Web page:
• Implementing interoperability, reflection, and mailing functionality in a .NET Framework application
  • Implementing globalization, drawing, and text manipulation functionality in a .NET Framework application

At least Microsoft does post material to help prepare for the test. While classroom is offerred (that is their money maker, along with books) I prefer online training - and it is available:

  1. 5161AE: Advanced development with the Microsoft .NET Framework 2.0 Foundation (16 Hours)
  2. 5160AE: Core development with the Microsoft .NET Framework 2.0 Foundation (14 Hours)

Microsoft also makes the following available to help ensure success:

Practice Tests
Microsoft Online Resources
  • Learning Plan: Get started with a step-by-step study guide that is based on recommended resources for this exam.
  • Product information: Visit the Microsoft Visual Studio site for detailed product information.
  • Microsoft Learning Community: Join newsgroups and visit community forums to connect with peers for suggestions on training resources and advice on your certification path and studies.
  • TechNet: Designed for IT professionals, this site includes how-to instructions, best practices, downloads, technical resources, newsgroups, and chats.
  • MSDN: Designed for developers, the Microsoft Developer Network (MSDN) features code samples, technical articles, downloads, newsgroups, and chats

Apple Develpment Tools

Well, I know this blog is for Microsoft .NET technologies - but since I purchased a NEW Apple for the SOLE PURPOSE to try and supplement income by writing iPhone/iTouch applications - I will have to expand this blog's scope. It has been several years since I had touched Objective C. It has not changed too much, but there are some great resources online, and I bought a book written by Stephen Kochan called Programming in Objective C 2.0. The same book is available from Apple in PDF format - Objective C Programming Language. This is an excellent book, and with my C background its a breeze to pickup the language. So, this posting is about the plethora of development tools on the Apple Platform for n00bs (a MMORPG term).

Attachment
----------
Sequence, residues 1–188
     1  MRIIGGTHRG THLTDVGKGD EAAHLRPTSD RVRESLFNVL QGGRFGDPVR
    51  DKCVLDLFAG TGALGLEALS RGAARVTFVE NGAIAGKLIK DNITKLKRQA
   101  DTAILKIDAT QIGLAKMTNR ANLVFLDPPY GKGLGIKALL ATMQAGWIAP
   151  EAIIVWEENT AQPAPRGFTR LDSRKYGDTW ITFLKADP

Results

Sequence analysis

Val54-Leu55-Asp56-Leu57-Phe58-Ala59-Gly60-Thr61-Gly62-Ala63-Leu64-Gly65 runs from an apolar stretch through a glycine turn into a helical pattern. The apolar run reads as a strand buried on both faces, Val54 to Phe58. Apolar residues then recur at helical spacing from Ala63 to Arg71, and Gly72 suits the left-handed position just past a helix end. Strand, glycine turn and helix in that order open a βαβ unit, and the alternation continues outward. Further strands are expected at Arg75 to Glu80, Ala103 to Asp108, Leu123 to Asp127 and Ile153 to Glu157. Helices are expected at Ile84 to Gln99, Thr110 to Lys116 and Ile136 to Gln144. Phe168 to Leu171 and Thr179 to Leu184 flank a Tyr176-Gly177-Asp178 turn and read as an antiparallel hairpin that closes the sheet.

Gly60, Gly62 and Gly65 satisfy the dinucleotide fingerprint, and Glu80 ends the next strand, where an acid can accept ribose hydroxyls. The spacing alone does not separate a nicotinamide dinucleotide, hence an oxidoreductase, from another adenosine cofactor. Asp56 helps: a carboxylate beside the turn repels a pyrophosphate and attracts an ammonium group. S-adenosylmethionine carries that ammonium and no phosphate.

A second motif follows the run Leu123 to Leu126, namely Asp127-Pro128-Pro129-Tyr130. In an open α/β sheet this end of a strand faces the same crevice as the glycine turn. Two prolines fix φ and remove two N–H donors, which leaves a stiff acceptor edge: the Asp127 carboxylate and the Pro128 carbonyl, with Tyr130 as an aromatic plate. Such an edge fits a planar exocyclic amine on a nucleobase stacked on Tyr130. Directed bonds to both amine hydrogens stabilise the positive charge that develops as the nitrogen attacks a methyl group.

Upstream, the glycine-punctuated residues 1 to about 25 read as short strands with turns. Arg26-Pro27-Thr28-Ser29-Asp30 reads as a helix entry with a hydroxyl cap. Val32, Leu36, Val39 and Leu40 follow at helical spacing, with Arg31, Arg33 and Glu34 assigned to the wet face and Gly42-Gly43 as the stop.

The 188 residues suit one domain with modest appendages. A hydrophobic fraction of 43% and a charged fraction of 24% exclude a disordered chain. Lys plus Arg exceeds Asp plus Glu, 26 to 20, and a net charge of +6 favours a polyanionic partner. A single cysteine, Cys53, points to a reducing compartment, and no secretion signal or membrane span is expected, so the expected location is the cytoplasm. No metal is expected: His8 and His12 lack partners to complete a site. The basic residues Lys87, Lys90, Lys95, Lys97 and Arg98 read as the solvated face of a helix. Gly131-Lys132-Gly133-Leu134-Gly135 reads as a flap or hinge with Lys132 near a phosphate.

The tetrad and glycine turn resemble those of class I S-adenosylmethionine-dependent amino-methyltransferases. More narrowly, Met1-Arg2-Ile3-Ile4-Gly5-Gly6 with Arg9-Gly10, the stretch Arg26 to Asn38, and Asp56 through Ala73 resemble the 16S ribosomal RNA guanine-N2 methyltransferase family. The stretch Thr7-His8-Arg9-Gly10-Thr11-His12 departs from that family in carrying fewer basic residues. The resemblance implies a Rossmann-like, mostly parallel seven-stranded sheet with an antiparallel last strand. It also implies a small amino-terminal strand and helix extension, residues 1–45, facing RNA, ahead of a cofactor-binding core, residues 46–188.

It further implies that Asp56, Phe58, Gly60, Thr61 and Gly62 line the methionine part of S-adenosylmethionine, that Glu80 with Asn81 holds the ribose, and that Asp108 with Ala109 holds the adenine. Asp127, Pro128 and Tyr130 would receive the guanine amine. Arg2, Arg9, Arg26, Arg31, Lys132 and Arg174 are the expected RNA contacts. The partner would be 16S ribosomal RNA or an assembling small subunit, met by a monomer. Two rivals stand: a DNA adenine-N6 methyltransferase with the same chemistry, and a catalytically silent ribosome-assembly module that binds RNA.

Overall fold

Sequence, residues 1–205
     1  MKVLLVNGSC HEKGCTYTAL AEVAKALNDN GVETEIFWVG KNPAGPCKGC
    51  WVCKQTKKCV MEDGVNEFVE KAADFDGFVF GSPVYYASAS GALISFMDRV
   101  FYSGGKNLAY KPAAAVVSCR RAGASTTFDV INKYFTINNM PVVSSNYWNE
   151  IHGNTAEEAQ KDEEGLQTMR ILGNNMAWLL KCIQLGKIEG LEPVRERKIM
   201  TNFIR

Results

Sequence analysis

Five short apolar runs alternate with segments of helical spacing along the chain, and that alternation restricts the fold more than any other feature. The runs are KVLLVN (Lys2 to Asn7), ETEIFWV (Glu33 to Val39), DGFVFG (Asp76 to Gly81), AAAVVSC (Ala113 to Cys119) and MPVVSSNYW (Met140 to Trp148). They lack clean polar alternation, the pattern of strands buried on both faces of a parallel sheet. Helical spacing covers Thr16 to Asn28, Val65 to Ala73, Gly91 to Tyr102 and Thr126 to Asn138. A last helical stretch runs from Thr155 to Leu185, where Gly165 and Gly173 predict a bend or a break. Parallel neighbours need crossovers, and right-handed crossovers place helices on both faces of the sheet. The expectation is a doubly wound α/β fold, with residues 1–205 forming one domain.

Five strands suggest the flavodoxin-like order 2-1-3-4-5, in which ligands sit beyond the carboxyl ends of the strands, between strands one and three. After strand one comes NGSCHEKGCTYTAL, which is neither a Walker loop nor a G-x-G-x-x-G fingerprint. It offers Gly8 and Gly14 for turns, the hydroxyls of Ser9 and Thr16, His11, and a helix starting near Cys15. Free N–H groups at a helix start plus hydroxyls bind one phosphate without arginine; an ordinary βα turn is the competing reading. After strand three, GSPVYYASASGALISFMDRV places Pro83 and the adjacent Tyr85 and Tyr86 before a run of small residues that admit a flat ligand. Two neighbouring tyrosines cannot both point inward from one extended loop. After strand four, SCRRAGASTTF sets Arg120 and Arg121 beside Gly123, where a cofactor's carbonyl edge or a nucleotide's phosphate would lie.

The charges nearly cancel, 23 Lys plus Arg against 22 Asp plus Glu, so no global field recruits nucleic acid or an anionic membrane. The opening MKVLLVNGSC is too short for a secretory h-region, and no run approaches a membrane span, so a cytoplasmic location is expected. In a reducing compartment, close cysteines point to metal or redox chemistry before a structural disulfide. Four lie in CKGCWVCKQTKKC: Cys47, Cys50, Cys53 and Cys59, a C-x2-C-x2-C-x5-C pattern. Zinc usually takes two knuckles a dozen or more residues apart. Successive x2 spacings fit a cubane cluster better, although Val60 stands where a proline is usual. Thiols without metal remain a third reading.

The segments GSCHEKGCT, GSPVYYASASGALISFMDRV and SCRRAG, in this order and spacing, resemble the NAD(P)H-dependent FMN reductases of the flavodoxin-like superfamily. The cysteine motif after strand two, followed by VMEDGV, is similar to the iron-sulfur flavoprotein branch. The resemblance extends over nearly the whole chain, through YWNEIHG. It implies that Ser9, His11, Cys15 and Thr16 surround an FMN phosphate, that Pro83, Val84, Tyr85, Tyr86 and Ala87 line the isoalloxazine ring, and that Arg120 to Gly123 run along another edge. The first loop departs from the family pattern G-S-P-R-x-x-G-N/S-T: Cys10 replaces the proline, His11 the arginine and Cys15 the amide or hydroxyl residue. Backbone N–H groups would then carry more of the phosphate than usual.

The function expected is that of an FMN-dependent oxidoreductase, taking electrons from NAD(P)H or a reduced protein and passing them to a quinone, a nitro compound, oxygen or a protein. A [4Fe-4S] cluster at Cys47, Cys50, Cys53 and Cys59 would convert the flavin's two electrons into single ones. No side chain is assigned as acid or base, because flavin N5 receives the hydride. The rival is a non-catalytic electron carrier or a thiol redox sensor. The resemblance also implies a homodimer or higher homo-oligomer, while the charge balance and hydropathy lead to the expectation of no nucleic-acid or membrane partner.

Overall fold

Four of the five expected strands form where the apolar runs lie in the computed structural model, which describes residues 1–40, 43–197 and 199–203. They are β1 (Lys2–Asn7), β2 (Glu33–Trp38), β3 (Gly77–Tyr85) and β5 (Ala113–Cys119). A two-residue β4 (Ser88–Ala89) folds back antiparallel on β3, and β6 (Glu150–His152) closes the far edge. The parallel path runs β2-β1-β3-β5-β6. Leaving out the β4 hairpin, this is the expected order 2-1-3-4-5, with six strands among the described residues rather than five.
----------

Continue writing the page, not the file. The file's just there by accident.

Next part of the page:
2. How Do I Install Apple Developer Tools on My MACDave Taylor has a nice posting about how to install the development tools that come on the Apple Discs. This is for the truly n00bish! I mean, the disc is labeled, and any developer knows what they need - but I put it here for those that may need it (10 years from now when my mind is further gone I will come back to this posting, if I recall the URL!!)

    Cant get the tools needed until you join this. I have had an ADC Membership for years, the free one - but now I have to upgrade to one of the packages that costs. At least it doesnt cost as much as the Microsoft MSDN Premiere subscription!!!

  5. XCode Development Tools
  6. To do programming on the MAC platform, all you really need is XCode.

  7. iPhone Development

  8. BLOGS

  9. Books
  10. Beginning iPhone 3 Development: Exploring the iPhone SDK by Jeff LaMarche